- Telling her that it's normal to find yourself awake at some point in the night, but you just have to lie quietly until you fall back to sleep again. At her age it is NOT OK to go and wake other people who also need their sleep just because you happen to find yourself awake. Not unless you're actually sick of something. I think some people get this wrong and try to "teach" a child to stay asleep, which obviously they can't make themselves do.
- Letting her listen to stories and music on MP3 player if she finds herself awake at night.
- Taking her to GP who suggested a warm bath, cold bedroom, and if that doesn't work half an antihistamine to help her sleep. The antihistamine definitely does help - and if you're all ending up shattered because of her not sleeping well would be worth a try.
- Not eating too late - that could be one explanation for differences between your house and her mum's (other than attention-seeking, which is also likely). If you eat late she could end up with uncomfortable tummy in bed. I try to make dinner no later than 6.30pm.

Why is your DS getting woken? Can you put him in a different room?

BlancheHunt Sat 06-Apr-13 16:00:45

Thank you for your responses. I agree that she shouldn't be taken downstairs to watch television either. Last weekend we both got up with her (I usually leave it to my DP to deal with but I wanted to see what happened when she was downstairs) and within minutes the crying had stopped and when asked about her tummy ache it was like she had to be reminded that she had experienced this pain. I can't explain it but if she is allowed to get up and watch tv every time then surely this reinforces her getting up?

The crying is loud, more like sobbing, and it's not a big house so he wakes up too.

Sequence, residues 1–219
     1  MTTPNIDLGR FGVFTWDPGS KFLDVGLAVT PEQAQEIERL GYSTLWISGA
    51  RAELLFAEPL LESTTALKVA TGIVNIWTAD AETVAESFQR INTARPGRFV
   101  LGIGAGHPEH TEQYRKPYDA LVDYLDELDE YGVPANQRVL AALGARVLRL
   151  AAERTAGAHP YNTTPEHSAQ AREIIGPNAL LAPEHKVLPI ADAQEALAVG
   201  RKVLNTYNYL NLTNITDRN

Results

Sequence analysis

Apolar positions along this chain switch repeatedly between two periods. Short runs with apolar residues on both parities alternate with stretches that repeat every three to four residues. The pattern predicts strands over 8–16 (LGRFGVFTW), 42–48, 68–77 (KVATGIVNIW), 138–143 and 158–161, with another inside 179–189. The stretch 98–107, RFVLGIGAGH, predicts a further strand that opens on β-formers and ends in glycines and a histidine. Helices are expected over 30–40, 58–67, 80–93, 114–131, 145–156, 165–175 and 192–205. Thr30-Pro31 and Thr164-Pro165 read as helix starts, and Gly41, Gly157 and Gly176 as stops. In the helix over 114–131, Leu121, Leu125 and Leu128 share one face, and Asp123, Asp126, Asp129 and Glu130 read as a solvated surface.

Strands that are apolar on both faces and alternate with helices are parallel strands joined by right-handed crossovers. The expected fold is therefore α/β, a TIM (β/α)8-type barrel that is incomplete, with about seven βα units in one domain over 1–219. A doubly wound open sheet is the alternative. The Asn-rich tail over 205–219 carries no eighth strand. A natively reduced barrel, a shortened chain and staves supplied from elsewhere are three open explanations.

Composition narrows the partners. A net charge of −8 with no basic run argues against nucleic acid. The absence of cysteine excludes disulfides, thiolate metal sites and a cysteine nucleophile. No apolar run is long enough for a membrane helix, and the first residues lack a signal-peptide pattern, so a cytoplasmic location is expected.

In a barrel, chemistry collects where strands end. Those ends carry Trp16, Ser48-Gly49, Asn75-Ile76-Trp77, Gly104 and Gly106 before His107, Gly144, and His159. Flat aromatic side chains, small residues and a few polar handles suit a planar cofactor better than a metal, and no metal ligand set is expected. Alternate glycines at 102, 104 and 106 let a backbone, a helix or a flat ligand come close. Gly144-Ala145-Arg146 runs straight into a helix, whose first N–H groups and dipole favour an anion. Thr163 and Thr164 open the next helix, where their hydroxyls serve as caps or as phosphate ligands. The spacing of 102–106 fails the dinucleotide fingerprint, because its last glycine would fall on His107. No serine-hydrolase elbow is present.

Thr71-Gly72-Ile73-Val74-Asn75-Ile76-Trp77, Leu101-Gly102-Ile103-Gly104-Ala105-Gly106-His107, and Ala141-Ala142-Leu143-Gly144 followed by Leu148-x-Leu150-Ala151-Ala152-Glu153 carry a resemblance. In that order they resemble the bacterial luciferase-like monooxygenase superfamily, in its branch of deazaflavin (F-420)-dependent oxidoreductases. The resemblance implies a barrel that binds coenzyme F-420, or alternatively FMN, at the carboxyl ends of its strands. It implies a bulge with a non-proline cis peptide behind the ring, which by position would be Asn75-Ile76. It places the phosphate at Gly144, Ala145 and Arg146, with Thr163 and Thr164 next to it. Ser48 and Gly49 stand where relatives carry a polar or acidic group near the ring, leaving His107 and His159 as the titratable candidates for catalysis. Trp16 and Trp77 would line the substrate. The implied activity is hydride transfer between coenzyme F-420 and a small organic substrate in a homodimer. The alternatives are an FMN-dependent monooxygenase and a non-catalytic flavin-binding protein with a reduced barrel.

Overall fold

BlancheHunt Sat 06-Apr-13 16:06:21

I have suggested not asking her millions of questions about what is wrong when she wakes up and just quietly taking her back to bed and soothing her in a gentle way until she goes back to sleep. Unfortunately I am told that I don't understand and that I need to leave it to him to sort out. Which would be fair enough but it's been going on for weeks and is affecting the whole household. I have zero experience of this. My DS sleeps like a log and always has done, which doesn't help me when I am trying to help.

DontmindifIdo Sat 06-Apr-13 16:14:06

How about telling your DP that you think that while watching TV might be easy, it's actually stimulating her so she's less likely to go back to bed, if he wants to do something until she's feeling sleepy, she doesn't go downstairs but back to bed and he'll read her a story quietly - point out 'his way' isn't working, she's still being up half the night.

So agree that, and then say to your DSD that if she wakes up in the night, she's not goign to watch TV as it's not going to help her sleep. Also have a drink next to her bed as well.

Does she get the same tummy aches at home? It might be worth your DP talking to his exW about how she deals with night wakings.

BlancheHunt Sat 06-Apr-13 16:25:47

He has spoken to his ex and she isn't doing it there. He is very, very defensive and protective over his daughter and takes any advice badly. I have suggested that watching television will only wake her up more but he is still doing it. I absolutely don't want to overstep the mark here and have tried to leave it to him as much as I can but we are all shattered. I work full time and so does he, the children are off at the moment but school starts again soon.